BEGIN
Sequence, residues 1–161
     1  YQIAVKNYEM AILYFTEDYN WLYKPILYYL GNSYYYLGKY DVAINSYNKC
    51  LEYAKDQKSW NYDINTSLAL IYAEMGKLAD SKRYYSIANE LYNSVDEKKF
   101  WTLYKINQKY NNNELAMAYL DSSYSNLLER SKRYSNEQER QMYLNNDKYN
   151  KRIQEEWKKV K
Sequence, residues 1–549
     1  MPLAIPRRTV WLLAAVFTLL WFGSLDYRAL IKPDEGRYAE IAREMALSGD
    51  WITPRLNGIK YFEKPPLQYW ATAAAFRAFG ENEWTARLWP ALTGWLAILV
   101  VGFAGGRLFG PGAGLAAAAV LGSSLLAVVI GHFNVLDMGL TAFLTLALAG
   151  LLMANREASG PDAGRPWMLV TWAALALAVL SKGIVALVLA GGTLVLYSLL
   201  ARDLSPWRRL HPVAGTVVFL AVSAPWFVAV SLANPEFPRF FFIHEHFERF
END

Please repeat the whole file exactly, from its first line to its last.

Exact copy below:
Sequence, residues 1–161
     1  YQIAVKNYEM AILYFTEDYN WLYKPILYYL GNSYYYLGKY DVAINSYNKC
    51  LEYAKDQKSW NYDINTSLAL IYAEMGKLAD SKRYYSIANE LYNSVDEKKF
   101  WTLYKINQKY NNNELAMAYL DSSYSNLLER SKRYSNEQER QMYLNNDKYN
   151  KRIQEEWKKV K
Sequence, residues 1–549
     1  MPLAIPRRTV WLLAAVFTLL WFGSLDYRAL IKPDEGRYAE IAREMALSGD
    51  WITPRLNGIK YFEKPPLQYW ATAAAFRAFG ENEWTARLWP ALTGWLAILV
   101  VGFAGGRLFG PGAGLAAAAV LGSSLLAVVI GHFNVLDMGL TAFLTLALAG
   151  LLMANREASG PDAGRPWMLV TWAALALAVL SKGIVALVLA GGTLVLYSLL
   201  ARDLSPWRRL HPVAGTVVFL AVSAPWFVAV SLANPEFPRF FFIHEHFERF